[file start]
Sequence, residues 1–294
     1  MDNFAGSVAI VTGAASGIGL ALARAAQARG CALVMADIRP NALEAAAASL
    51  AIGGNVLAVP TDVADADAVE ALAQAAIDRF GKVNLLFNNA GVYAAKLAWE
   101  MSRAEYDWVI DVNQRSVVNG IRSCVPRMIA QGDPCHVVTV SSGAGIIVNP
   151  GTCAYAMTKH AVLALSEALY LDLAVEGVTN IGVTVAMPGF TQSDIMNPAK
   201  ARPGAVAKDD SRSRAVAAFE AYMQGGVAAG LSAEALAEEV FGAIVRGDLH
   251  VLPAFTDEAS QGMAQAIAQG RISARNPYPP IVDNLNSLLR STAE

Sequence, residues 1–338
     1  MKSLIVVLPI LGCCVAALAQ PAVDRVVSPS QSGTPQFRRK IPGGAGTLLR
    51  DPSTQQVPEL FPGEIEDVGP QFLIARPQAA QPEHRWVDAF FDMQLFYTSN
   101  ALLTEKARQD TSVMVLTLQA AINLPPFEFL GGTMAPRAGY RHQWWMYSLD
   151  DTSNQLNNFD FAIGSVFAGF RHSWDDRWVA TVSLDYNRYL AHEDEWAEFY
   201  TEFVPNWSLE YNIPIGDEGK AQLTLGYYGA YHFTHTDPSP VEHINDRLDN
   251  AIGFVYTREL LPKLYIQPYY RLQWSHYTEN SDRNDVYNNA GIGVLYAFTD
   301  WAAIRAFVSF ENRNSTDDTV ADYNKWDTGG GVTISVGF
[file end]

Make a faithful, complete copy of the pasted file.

Sequence, residues 1–294
     1  MDNFAGSVAI VTGAASGIGL ALARAAQARG CALVMADIRP NALEAAAASL
    51  AIGGNVLAVP TDVADADAVE ALAQAAIDRF GKVNLLFNNA GVYAAKLAWE
   101  MSRAEYDWVI DVNQRSVVNG IRSCVPRMIA QGDPCHVVTV SSGAGIIVNP
   151  GTCAYAMTKH AVLALSEALY LDLAVEGVTN IGVTVAMPGF TQSDIMNPAK
   201  ARPGAVAKDD SRSRAVAAFE AYMQGGVAAG LSAEALAEEV FGAIVRGDLH
   251  VLPAFTDEAS QGMAQAIAQG RISARNPYPP IVDNLNSLLR STAE

Sequence, residues 1–338
     1  MKSLIVVLPI LGCCVAALAQ PAVDRVVSPS QSGTPQFRRK IPGGAGTLLR
    51  DPSTQQVPEL FPGEIEDVGP QFLIARPQAA QPEHRWVDAF FDMQLFYTSN
   101  ALLTEKARQD TSVMVLTLQA AINLPPFEFL GGTMAPRAGY RHQWWMYSLD
   151  DTSNQLNNFD FAIGSVFAGF RHSWDDRWVA TVSLDYNRYL AHEDEWAEFY
   201  TEFVPNWSLE YNIPIGDEGK AQLTLGYYGA YHFTHTDPSP VEHINDRLDN
   251  AIGFVYTREL LPKLYIQPYY RLQWSHYTEN SDRNDVYNNA GIGVLYAFTD
   301  WAAIRAFVSF ENRNSTDDTV ADYNKWDTGG GVTISVGF